Saturday, April 22, 2017

End Game


The Seventh Seal
-- By Tom Phillips

The game is on, and I'm already losing.

The game is chess, in which I have little experience and no aptitude. My opponent is ranked number one in the world, having checkmated every player who ever lived, excepting possibly one.

I didn't make this up. I saw it in a movie, Ingmar Bergman's "The Seventh Seal," from 1957.  A knight plays chess with the hooded figure of Death. He plays his best, he draws out the match, but Death makes a surprise move, takes his queen -- and soon, checkmate.  I saw it at 19 when it was new, and couldn't comprehend it.  I saw it again at 39, and it scared me, but I held out hope that I could avoid this defeat, by staying out of the game.

At the time I was a Buddhist, sitting on a cushion every day, achieving an equanimity that supposedly went beyond birth and death.  It's true, I'm sure, that the universe is One, and we simply pass from one form of existence to another -- eventually into a many-tiered heaven that rises to Nirvana, the end of suffering, extinction of desire.  I was pretty good at that game.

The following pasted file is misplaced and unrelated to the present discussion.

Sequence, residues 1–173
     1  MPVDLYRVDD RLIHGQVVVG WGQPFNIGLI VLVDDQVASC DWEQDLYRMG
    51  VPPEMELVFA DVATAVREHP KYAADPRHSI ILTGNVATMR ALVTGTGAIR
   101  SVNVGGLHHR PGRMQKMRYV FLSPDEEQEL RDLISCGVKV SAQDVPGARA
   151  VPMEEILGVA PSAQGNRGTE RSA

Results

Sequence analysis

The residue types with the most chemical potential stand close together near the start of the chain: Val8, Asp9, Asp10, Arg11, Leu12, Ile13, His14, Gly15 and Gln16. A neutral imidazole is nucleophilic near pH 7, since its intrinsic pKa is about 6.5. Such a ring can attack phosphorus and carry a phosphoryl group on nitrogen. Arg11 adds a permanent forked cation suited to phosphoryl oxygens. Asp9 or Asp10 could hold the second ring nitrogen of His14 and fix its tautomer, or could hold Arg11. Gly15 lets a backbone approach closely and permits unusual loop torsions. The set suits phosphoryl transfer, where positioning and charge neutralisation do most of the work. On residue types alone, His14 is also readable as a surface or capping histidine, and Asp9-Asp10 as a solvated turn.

Then, I had the misfortune of marrying a Presbyterian minister and losing a chess match with her, in which the loser was bound to adopt the religion of the winner. And I found myself in a new world, where this earthly life mattered, and you had one chance to make yours mean something.  Equanimity was neither the path not the goal -- life was a struggle to bear witness to the truth in a world that didn't want to hear it, to show mercy in a world that lived by conflict. Worst of all, other people mattered. Suffering was not to be contemplated, but fought on every front. Our job is to not to get out of here and into God's Kingdom, but to prepare the way for God's Kingdom on earth.

And where does death fit into that?  I have no ready answer. 

Recently, I made my first move -- a stupid move -- and only then realized the game was underway.  Visiting children and grandchildren on the West Coast, my wife and I went to see an apartment complex designed in part for the elderly and infirm.  No need to climb stairs, the agent assured us. It's a nice place, new and sterile, but comfortable and affordable. I found myself tempted by the prospect of an easy decline, with daughters and sons-in-law nearby to scrape me off the floor when the inevitable fall came. A comfortable death. But something in me screamed NO, that's not what I want.  I want the struggle to continue -- my pride intact, my faculties working, my words read, my music danced to.